by Robin Nelson
I am getting ready to start interviews for the Dawson City Museum (DCM) Project – yay!
This is my third big interview project. For my MMSt, I interviewed museum professionals about the influence of cultural policy on museum public programming (Nelson 2015). For my PhD, I interviewed Ontario Museum Advisors and people associated with the Ontario museum associations about the evolution of Ontario community museum policy (Nelson 2021).
For both degrees, I did some research methods courses that covered interviewing. However, I learnt far more from my experiences than I did from the classroom. The most important lesson was the importance of pre-interview research.
Why is pre-research important?
When I started interviewing, I did not do a lot of preparation work. I wanted to learn from people. Their narratives frame and focus document research, preventing a lot of unnecessary labour. However, some people (understandably – They are giving me their time!) get annoyed when you ask questions that could be easily answered in an archive. Interviews go much better when the participant is not annoyed at you.
Pre-research has also helped me ask better questions. Within the blog on interview preparation (here), I posted my question guide, which I will use during the DCM project interviews to ask every participant the same basic set of questions. However, my interviews are semi-structured and conversational. As people answer, it is important to be able to understand what they are saying and ask relevant follow up questions.
For example, during my interviews on Ontario community museum policy, I had questions about the role of each level of government. When I asked about the federal contributions, a few people told me that they don’t access federal programs. However, I already had a basic understanding of the federal support they accessed because I read Canadian Revenue Agency reports (such a useful resource for research on museums that are registered charities), annual reports, and other documents.
Knowing about the federal contributions, I could ask a follow up question – What about _____? Most often, people were forgetting that Young Canada Works, which is administered through the Canadian Museums Association, is a federal program. Asking the follow up question provided participants with the opportunity to highlight the significance of employment programs (or whatever federal support had slipped their mind). Alternatively, it enabled some people to explain why they had not mentioned it (sometimes people defined federal support to community museums as relatively insignificant).
What have I done so far for the DCM Project?
I have done some preliminary work to understand both Yukon Community Museum Policy and the Dawson City Museum’s development. Due to COVID, I have not been able to hang out in the DCM archives (their corporate index is amazing! I am excited to get access… one day) so my research on the Museum is very preliminary. However, I have read everything I could get ahold of on Yukon’s community museum policies, which will help me ask follow up questions to understand the relationship between the Museum’s development and government action.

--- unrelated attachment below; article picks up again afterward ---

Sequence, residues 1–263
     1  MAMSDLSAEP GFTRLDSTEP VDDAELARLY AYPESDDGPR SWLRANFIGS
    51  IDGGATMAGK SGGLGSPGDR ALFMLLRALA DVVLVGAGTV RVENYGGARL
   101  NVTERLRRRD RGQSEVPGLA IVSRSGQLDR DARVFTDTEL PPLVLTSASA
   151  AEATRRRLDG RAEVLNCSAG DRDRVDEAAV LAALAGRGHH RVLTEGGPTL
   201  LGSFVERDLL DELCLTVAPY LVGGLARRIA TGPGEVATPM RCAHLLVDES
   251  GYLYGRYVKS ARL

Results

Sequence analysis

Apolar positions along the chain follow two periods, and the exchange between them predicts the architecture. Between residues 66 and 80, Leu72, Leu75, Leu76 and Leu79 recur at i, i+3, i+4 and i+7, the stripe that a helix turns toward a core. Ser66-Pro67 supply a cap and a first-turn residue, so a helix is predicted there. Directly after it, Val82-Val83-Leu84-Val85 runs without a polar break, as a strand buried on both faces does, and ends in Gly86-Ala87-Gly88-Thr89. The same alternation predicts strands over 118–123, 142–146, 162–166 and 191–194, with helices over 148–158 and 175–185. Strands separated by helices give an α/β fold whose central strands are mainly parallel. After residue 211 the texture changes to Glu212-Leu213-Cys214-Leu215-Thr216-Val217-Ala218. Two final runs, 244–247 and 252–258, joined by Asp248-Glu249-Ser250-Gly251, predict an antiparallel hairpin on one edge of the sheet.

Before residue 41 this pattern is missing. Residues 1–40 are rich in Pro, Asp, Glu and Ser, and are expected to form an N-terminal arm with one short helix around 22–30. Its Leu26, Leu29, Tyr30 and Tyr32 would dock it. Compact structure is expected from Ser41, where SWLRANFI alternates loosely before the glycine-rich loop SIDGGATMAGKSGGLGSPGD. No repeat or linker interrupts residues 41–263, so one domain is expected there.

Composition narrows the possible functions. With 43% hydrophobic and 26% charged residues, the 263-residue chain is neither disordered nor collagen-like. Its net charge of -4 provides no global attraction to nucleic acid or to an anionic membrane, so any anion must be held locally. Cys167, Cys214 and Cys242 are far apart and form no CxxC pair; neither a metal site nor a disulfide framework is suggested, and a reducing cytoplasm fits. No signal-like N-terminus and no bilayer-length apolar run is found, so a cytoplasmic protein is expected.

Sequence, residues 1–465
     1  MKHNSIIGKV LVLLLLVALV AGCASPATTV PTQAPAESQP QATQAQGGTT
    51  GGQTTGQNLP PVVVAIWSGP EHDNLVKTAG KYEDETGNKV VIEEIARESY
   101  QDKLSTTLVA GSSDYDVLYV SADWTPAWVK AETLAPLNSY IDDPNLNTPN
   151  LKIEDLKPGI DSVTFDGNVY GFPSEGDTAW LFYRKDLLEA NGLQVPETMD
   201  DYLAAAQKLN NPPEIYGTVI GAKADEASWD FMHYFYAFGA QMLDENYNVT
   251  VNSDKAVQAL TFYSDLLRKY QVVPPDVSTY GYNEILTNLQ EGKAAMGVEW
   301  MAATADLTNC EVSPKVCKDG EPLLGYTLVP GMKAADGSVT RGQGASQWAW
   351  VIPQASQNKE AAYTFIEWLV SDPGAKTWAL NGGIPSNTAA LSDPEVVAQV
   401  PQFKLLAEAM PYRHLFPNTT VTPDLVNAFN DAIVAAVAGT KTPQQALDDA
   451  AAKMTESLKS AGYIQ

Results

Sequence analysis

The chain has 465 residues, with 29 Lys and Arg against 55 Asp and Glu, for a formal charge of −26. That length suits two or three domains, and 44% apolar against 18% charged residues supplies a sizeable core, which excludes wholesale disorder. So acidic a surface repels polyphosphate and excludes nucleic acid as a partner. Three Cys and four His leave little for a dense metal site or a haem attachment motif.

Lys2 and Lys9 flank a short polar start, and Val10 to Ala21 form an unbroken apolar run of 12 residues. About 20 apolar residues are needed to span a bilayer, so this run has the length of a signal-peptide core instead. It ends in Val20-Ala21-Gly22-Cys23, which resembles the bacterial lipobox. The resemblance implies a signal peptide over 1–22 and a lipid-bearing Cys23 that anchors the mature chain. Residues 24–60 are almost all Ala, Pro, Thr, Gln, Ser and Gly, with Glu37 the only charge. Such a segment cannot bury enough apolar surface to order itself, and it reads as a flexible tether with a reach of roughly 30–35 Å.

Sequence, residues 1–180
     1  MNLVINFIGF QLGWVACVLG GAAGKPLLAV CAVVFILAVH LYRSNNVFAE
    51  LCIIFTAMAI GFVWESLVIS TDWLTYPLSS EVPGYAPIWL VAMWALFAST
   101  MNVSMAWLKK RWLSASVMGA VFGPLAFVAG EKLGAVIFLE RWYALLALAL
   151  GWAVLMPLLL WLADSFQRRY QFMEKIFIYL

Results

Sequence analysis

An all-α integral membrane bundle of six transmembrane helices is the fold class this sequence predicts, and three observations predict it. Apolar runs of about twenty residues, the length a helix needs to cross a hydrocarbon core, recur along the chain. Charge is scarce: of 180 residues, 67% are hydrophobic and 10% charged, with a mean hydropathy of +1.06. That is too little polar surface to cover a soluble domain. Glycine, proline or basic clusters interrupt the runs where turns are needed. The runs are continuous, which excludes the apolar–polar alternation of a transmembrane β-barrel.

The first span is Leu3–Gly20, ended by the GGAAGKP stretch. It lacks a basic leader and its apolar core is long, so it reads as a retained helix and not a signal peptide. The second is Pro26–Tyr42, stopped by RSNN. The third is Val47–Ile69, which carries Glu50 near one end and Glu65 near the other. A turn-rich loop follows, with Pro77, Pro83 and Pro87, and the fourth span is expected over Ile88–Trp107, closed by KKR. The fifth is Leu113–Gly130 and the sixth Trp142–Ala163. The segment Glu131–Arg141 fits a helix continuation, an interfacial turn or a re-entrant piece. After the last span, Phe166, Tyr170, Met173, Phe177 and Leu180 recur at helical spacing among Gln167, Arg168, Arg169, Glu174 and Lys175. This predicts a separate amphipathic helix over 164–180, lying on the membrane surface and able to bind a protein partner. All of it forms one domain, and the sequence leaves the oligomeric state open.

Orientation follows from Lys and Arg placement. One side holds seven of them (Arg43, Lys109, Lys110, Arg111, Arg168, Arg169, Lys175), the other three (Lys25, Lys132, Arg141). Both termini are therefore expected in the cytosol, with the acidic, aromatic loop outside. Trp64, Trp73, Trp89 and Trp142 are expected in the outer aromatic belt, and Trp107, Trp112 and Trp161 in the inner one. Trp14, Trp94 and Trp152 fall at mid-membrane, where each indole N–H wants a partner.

Although Yukon has an explicit community museum policy (here), I am not simply referring to policies called community museum policy. Museum policy can refer to government (or related agencies) action or inaction that influence community museums. So, I have considered a broader range of actions that have relevance to the DCM. Once I start interviews, I expect I will learn about more government actions (or inactions) I have not considered or discover that something I think is important now does not actually have a significant effect on the Museum.
As a starting point, I searched for museums in the Yukon Legislative Assembly’s hansard minutes (here).
The search has led me to read about support and regulation for museums, heritage, employment, the economy, and tourism. There are a few documents I am waiting to for access, but I have read tourism, economic, and museum related reports, policies, and programs. I have over a hundred pages of notes, and I would like to share some of my initial impressions!
Before I begin the interviews, I am going to document my initial assumptions and conclusions. It will be interesting to see what changes and what areas become emphasized as people (not documents) help shape the narrative in response to the question – How has the Dawson City Museum developed in relation to government and community action?
As a starting point, I am going to answer three questions:
- What rationale underlines and legitimizes government action targeting community museums in Yukon?
- What actors – in particular, formal institutions, programs, and policies – support and regulate community museums in Yukon?
- What interest groups or networks of significance exist and what issues have they identified as significant?
Are there any other questions that you would like to see reflection on as part of my pre-interview work?
Have you had similar experiences with interviews? Do you have any tips or tricks about conducting a good interview?